This past weekend I had the opportunity to visit a couple of cities and talk with some folks about the future of the church. I first started in Louisville, KY met with some students at Louisville Theological Seminary over donuts and coffee – Starbucks and Krispy Cream – had lunch with a couple of pastors, happy hour at Flanagan’s Ale House and finally Coffee at Heine Brothers. Quite the day of zipping around Louisville, but so exciting. Yes, we talked a bit about this whole moderator thing and my travels – about which I will blog later – but we mostly talked about the church. Despite what some may want us to believe, what I heard were not cries of lament and despair about the future of the PC(USA) but quite the contrary, students, church participants and clergy talked of Hope.
The next day, after just staying ahead of the Atlanta snow, I took part in the Montreat Youth Conferences Co-directors Reunion at Montreat Youth Conference Center in Montreat, NC. Now these folks were people who were who have been "doing" church for years, come from many church backgrounds: pastors, presbytery staff, elders, youth workers etc. This was meant to be a time to help center staff address some issues about the future of some of the conference programs. Of course, the process time was good, but more exciting was again, the excitement about the church all centered on a common expression of our faith. There too, different crowd, same words. Hope.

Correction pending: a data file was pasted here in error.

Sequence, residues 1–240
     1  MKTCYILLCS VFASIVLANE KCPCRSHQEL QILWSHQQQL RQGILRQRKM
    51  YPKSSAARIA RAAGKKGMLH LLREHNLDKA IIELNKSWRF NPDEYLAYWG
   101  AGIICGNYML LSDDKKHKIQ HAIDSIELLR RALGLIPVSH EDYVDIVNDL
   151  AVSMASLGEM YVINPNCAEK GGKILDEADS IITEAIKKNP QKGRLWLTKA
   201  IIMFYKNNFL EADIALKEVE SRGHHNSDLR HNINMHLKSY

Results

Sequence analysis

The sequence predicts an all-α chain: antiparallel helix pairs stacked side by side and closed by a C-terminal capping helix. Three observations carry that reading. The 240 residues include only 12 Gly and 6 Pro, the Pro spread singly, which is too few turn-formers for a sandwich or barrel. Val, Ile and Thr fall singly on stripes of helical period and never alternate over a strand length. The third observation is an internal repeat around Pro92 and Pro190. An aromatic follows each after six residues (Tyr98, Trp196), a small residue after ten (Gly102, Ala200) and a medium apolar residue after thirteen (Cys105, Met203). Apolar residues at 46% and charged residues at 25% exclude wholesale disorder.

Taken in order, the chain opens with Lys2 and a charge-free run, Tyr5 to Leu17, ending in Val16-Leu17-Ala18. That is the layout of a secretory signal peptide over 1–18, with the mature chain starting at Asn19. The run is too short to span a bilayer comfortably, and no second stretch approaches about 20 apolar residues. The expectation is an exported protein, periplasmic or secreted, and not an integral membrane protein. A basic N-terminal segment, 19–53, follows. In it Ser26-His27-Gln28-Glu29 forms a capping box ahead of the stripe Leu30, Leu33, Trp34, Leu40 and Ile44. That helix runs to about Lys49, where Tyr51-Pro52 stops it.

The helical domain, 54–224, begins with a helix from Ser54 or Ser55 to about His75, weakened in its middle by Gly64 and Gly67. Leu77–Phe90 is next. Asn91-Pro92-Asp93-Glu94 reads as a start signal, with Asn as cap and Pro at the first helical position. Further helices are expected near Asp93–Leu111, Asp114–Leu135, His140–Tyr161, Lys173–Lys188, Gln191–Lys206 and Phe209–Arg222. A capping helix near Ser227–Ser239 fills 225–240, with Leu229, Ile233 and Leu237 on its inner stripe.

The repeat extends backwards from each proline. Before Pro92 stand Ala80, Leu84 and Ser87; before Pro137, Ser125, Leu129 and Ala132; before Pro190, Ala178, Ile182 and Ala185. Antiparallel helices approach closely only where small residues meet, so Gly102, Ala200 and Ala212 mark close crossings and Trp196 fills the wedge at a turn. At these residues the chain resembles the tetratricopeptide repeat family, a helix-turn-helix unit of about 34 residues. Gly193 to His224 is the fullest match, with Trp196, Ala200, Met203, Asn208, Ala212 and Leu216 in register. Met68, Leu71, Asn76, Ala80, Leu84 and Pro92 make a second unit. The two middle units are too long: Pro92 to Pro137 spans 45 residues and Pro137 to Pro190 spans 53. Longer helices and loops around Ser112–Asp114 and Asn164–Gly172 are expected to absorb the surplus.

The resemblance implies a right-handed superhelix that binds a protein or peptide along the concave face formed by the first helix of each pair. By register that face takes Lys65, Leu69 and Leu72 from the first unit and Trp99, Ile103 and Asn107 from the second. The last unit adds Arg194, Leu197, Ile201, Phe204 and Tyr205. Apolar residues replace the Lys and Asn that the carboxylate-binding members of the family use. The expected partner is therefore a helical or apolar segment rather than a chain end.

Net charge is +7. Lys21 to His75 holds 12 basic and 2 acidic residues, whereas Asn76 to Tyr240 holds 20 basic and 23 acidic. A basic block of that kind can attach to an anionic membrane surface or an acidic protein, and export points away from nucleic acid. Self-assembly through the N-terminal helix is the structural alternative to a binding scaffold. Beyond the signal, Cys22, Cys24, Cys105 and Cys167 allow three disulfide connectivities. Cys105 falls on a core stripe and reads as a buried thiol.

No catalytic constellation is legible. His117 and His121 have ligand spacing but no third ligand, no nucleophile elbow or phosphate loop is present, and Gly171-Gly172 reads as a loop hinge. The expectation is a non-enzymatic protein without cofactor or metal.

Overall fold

So . . . what did I get out of this time?
In short, this brief trip has been a reaffirmation of my belief that in the church there is a growing movement towards something new in our denomination. We can feel the momentum building. We hear the conversations. We get the sense that there is hope, hope that is being expressed in events, congregations and social networks. And this hope is not shallow or reactionary, but based on a tradition and heritage that has built up a faith strong enough to be open to the possibilities of God.
Hope is real, practically palpable. I think it has been coming for years. What will we do? How will we respond? How can this hope be translated into something real and denominationally transformative?
This is the question that we must discover together.
How exciting and amazing is that?